So what is a good password? First, take a look at this list. Don’t use any of those passwords. Next, read Kaspersky Antivirus’s 6 bad ideas for a password. However, ignore Kaspersky’s rule for developing a good password. View full article »
This is a small tutorial on how I installed Cyanogenmod on my Galaxy Note 10.1 2014 version. Many of the tutorials are confusing and don’t explain important details. First, a warning. Samsung devices are designed so that if you dare to break free from their Android system, your warranty is void. This will void your warranty. (Personal opinion: it should be illegal to void a warranty if you do not make a device defective.)
This is a problem that can have multiple causes. In the computer I was working on, the Bamital trojan had made it impossible to do anything. The trojan would prevent you from doing anything and wanted you to pay a ransom. This was different than Crytowall, which holds your files for ransom, in that this trojan held your computer for ransom. In the process of removing the trojan, I also removed a legitimate Windows file which caused the problem.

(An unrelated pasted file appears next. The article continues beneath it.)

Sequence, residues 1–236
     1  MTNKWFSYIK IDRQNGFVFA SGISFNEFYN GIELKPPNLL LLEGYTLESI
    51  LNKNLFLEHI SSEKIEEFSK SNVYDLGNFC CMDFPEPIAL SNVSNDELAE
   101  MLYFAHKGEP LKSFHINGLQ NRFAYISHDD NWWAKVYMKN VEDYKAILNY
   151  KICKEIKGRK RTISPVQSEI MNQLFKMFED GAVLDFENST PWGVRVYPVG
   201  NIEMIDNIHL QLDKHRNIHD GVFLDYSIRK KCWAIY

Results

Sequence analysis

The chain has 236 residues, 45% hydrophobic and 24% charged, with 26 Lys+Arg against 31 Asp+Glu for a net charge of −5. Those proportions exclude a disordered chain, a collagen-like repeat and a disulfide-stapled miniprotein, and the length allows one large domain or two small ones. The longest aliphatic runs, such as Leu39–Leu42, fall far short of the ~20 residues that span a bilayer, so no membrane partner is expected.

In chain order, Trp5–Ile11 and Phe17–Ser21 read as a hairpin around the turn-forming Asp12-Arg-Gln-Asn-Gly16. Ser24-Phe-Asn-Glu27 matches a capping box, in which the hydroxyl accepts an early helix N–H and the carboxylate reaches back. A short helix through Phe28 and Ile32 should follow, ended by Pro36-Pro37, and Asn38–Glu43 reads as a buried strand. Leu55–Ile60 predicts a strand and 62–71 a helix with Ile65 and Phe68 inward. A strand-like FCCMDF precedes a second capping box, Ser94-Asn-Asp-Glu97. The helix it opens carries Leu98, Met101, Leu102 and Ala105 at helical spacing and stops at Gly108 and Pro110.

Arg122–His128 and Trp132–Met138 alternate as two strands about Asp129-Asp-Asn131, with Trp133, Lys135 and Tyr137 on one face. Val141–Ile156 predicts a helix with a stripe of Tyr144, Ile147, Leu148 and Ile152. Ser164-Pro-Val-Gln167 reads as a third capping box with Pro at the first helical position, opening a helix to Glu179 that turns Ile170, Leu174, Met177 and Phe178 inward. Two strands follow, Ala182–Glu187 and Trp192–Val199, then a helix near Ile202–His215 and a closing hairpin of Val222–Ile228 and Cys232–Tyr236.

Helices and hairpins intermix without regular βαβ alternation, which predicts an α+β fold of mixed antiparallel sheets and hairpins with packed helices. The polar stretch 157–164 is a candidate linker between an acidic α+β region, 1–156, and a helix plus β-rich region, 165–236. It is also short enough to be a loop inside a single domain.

These antivirus recommendations are personal opinion based on my experience. I will list many common ones below in alphabetical order. This post will occasionally be updated. The last update was March 17, 2015.
One important note: Regardless of which antivirus program you use, you should never ever use automatic renewal. This will prevent accidental renewals in case you want to use a different antivirus program. Make the company earn your business; don’t be loyal to any one product.